x Abu Dhabi, UAEThursday 18 January 2018

Baby don't go

Six months as a mum and I'm already becoming redundant. How scary is that? We've only just reached the six-month mark.

We've only just reached the six-month milestone and my maternal apron strings are already loosening. Apparently, from this moment on my little boy will spend the next few years of his life working subconsciously to build up his own independence. How scary is that? Six months as a mum and I'm already becoming redundant. According to my many childcare books, babies don't have a sense of themselves as individuals in the early weeks and instead think they are still part of their mother. Their thoughts are focused only on what they really need - food, love and attention. Oh, to be three weeks old again. Then at around six or seven months of age, infants take a huge cognitive leap forward and suddenly realise they're individual human beings, independent of their mother. Obviously, it comes as a bit of a surprise to them and their behaviour reflects this new understanding of separateness. It's all part of them finding their independence so they can forge their identity as they grow.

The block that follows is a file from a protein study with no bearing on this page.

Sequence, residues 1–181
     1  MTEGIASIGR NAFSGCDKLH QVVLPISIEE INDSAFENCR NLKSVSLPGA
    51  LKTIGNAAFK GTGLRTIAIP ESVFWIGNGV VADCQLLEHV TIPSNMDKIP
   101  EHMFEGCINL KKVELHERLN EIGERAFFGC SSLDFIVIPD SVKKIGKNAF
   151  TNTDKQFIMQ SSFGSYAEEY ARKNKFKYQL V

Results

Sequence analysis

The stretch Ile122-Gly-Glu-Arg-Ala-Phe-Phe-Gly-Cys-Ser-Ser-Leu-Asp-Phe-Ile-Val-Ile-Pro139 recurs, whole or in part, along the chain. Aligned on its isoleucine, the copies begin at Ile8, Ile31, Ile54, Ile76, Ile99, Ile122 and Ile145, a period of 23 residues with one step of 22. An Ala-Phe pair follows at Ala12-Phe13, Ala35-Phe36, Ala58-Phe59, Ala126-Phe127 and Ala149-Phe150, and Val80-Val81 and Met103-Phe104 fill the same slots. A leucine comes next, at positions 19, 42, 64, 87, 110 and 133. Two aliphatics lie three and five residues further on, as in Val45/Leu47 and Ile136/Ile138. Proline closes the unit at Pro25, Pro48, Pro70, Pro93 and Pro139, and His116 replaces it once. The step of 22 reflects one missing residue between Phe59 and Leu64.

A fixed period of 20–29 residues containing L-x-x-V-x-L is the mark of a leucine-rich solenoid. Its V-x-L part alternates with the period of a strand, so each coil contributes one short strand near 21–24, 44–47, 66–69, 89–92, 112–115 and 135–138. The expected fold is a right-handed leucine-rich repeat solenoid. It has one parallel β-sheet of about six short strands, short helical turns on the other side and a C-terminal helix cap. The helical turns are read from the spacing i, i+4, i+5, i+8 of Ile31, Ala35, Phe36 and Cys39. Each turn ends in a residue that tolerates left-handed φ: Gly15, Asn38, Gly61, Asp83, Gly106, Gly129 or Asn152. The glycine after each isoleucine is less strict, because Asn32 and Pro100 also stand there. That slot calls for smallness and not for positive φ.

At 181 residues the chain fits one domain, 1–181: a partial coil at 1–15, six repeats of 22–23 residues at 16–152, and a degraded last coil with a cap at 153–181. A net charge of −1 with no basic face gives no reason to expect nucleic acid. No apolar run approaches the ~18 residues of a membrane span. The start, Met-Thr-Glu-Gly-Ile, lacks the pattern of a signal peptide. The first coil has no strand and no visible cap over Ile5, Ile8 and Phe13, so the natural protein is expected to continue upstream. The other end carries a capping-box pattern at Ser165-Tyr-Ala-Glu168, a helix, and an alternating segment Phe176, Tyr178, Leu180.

I read about this developmental stage a few weeks ago in anticipation of baby Charlie reaching the six-month mark. I wondered how it would affect my baby, and how hard it would be for me to deal with. My initial reaction was that this discovery of independence didn't sound too bad. The child becomes aware that it's not attached to you and then, well, what's the worst thing that can happen? Then I turned the page to discover the answer - separation anxiety.

The majority of babies feel scared and anxious when the reality sets in that they are their own person. The books say babies sometimes demonstrate this by crying every time they are left alone or when meeting strangers. Fear of abandonment makes them yearn for their mothers 24/7. Oh joy. I discussed this stage with several friends who had been through it and horror stories surfaced. One said her child screamed every time she left his side, even when she was just making a quick dash to the bathroom. Another said she was unable to return to work because her daughter wouldn't stay with the nanny and cried inconsolably on arrival at the nursery.

Ironically, I thought I had it pretty easy with my son. He's generally happy to amuse himself for short spells and has always been easygoing when meeting new people. But this week, the first signs of separation anxiety started to show. A friendly stranger at the supermarket attempted to return a toy that Charlie had launched out of his pram. My usually happy baby took one look at the woman, glared at me and burst into tears. Later, I took a step out of view to pack my shopping only to hear a protesting wail. He would not stop until I scooped him up and hugged him close.

As Mother's Day approached, I was secretly hoping my husband would whisk me away for a romantic evening for two, to say thank you for all my hard work over the past six months. Fat chance. It turned out he'd planned a lunch date instead. For three. Looks like Charlie's not the only one searching for independence.